Advances in technology have recently led to improvements in the practice of sclerotherapy instead of stab avulsion. Moreover, the next significant advancement came in 1995 when foam created using carbon dioxide mixed with a polidocanol as a detergent sclerosant was used instead of liquid detergents leading higher cost-effectiveness and lower procedural complications (12). The increased efficacy of foam was attributable to it displacing blood from the treated vein and increasing the contact time between the sclerosant and the vein (13).

In the intervening years, several clinical series and a few randomized clinical trials have confirmed that foam sclerotherapy is effective in managing great vein incompetence. However, no details have been published in its efficacy on treatment of small veins in the lower limb especially in comparison with conventional methods such as stab avulsion.

2. Objectives

The present study aimed to compare the results and outcomes of the two common methods of ultrasonography-guided foam sclerotherapy versus conventional stab avulsion ambulatory phlebectomy in the treatment of varicosis in the small veins of the leg.

3. Patients and Methods

This was a randomized single-blinded parallel clinical trial in which patients with small vein varicosis of the leg were randomly selected for treatment with ultrasonography-guided foam sclerotherapy (group 1) or conventional stab avulsion ambulatory phlebectomy (group 2) in ratio of 1/1. Those who were previously scheduled for oral medication or invasive procedures because of vein varicosis were excluded.

The study was conducted in the vascular surgery department of Imam Khomeini hospital, Sari, Iran. On admission, baseline data including demographic characteristics, medical history, drug history, and time of the onset of disease were collected by interviewing the patients or referring recorded files.

All subjects underwent duplex scan and were scored according to clinical-etiology-anatomy-pathophysiology (CEAP) scoring system. In group 1, after mapping the treatment area, access to the vein was achieved under ultrasound guidance. Access was confirmed by return of blood, and the needle was taped to the patient’s leg. The sclerosing agent was prepared by placing one part of sodium tetradecyl sulfate (STS) in one syringe to four parts air in the other syringe. The syringes were attached to the stopcock, the stopcock was closed off, and the foam solution was created by rapidly mixing the air and chemical back and forth between the two syringes. This rapid movement was performed 20 times. After moving most of the solution to one syringe, the filled syringes were connected to the needle, and after reconfirming of intravascular positioning, a small amount of foam was injected to confirm needle placement. The amount of foam delivered was determined during injection by using ultrasound to visualize when the targeted vein was filled with foam. On completion the needle was removed, and folded 2×2-inch gauze was secured over the injection site with adhesive tape.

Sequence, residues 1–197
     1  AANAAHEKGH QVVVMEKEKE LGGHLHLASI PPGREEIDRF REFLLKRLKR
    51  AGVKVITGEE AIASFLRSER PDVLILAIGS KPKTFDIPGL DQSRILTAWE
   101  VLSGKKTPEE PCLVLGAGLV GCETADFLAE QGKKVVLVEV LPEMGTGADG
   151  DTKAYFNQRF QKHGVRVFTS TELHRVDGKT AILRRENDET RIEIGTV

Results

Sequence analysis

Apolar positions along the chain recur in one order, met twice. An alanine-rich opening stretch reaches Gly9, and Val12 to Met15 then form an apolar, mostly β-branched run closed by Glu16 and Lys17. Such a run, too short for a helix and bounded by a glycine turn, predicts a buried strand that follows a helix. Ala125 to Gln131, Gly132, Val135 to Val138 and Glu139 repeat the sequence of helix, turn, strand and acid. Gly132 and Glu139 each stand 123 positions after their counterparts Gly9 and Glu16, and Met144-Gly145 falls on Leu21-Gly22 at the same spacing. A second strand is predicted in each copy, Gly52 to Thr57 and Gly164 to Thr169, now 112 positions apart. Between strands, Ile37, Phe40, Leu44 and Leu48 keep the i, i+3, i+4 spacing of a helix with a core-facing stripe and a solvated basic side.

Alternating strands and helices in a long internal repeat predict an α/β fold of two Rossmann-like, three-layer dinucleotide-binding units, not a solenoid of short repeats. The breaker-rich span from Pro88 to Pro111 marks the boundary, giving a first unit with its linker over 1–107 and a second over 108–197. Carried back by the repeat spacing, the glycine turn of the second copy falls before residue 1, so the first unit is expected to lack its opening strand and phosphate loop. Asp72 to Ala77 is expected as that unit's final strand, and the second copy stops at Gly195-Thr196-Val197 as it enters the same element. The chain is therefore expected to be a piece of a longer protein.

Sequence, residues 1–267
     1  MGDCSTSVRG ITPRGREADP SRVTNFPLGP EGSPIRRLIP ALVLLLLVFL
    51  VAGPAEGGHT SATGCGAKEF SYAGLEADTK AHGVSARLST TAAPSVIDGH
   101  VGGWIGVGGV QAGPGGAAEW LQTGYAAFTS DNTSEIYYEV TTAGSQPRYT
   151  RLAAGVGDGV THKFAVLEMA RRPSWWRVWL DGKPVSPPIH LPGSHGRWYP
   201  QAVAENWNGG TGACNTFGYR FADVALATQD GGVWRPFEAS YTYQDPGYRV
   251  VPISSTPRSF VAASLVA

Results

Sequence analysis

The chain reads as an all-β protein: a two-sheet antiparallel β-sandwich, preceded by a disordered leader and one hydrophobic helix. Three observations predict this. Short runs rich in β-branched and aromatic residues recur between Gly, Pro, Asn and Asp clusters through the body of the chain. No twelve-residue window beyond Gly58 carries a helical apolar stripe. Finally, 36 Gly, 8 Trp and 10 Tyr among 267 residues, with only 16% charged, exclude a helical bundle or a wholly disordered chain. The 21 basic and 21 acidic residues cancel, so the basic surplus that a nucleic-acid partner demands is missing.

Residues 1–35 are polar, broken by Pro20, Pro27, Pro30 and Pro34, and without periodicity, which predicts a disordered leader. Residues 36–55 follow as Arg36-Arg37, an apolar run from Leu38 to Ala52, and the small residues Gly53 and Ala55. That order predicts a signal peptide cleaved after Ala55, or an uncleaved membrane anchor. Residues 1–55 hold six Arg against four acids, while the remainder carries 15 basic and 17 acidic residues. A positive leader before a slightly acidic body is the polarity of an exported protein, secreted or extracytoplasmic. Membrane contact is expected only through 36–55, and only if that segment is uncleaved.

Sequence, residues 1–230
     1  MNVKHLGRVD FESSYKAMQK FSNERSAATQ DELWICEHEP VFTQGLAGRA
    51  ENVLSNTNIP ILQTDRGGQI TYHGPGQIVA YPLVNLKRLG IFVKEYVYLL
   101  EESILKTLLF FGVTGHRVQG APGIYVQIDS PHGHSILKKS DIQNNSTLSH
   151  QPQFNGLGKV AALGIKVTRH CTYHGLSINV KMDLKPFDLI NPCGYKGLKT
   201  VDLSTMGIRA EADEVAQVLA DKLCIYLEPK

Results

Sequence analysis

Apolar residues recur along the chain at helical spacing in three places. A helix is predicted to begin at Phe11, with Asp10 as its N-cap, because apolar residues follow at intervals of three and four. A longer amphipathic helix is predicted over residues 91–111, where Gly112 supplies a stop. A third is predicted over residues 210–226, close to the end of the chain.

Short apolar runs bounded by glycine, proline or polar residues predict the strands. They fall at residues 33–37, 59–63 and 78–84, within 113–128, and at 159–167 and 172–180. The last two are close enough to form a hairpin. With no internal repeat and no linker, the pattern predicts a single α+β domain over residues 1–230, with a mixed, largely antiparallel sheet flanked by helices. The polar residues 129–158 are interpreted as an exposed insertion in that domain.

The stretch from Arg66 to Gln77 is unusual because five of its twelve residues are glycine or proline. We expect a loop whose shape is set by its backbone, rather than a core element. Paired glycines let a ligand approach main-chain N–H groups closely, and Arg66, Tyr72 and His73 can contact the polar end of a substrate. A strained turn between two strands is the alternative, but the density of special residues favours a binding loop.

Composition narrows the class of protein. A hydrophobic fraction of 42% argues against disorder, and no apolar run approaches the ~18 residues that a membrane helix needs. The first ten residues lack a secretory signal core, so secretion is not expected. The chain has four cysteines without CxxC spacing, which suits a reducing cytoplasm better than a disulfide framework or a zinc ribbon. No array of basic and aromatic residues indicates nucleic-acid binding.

In group 2, skin incision was done with a No. 11 blade aligned with the lines of the Langer. The small dermal varicosities were hooked and avulsed. The vein loop was cleared of fat, doubly clamped and divided. Steri-Strip closure was used to close the incision.

Follow up visit and assessment were done 1 week, 1 month, and 6 months after operation regarding evaluation of complications including local complications, postoperative pain, and need to analgesics. Also, the patients were reassessed by duplex scan 1 month after operation to determine and compare treatment success rates between the two groups. In this regard, time to return to work and level of satisfaction were also assessed by interviewing.

Based on confidence level of 95% and power of 90% sample size was calculated as 90 subjects by a biostatistician. Randomization was done by computer software. The randomized numbers attached to envelopes contained treatment methods. At the time of the procedure, each patient was referred to the operation room with his/her envelope and at that time the surgeon found out what method he had to use.